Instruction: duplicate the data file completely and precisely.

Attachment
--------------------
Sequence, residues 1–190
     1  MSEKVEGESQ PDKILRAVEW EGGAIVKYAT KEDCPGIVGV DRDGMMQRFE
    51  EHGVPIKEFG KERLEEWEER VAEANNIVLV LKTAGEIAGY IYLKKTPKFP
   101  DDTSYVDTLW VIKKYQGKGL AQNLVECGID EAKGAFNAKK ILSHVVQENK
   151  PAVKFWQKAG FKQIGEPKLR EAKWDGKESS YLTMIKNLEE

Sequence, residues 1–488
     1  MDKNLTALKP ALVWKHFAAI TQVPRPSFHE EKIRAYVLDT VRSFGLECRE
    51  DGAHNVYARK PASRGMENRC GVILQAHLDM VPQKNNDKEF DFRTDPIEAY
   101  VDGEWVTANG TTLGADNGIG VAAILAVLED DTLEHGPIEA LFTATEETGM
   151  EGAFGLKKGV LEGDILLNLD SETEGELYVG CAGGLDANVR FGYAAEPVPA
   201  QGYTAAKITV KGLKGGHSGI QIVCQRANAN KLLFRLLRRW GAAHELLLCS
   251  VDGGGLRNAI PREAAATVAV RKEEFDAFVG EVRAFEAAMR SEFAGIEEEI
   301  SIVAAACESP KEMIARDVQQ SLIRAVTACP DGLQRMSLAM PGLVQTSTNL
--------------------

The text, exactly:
Sequence, residues 1–190
     1  MSEKVEGESQ PDKILRAVEW EGGAIVKYAT KEDCPGIVGV DRDGMMQRFE
    51  EHGVPIKEFG KERLEEWEER VAEANNIVLV LKTAGEIAGY IYLKKTPKFP
   101  DDTSYVDTLW VIKKYQGKGL AQNLVECGID EAKGAFNAKK ILSHVVQENK
   151  PAVKFWQKAG FKQIGEPKLR EAKWDGKESS YLTMIKNLEE

Sequence, residues 1–488
     1  MDKNLTALKP ALVWKHFAAI TQVPRPSFHE EKIRAYVLDT VRSFGLECRE
    51  DGAHNVYARK PASRGMENRC GVILQAHLDM VPQKNNDKEF DFRTDPIEAY
   101  VDGEWVTANG TTLGADNGIG VAAILAVLED DTLEHGPIEA LFTATEETGM
   151  EGAFGLKKGV LEGDILLNLD SETEGELYVG CAGGLDANVR FGYAAEPVPA
   201  QGYTAAKITV KGLKGGHSGI QIVCQRANAN KLLFRLLRRW GAAHELLLCS
   251  VDGGGLRNAI PREAAATVAV RKEEFDAFVG EVRAFEAAMR SEFAGIEEEI
   301  SIVAAACESP KEMIARDVQQ SLIRAVTACP DGLQRMSLAM PGLVQTSTNL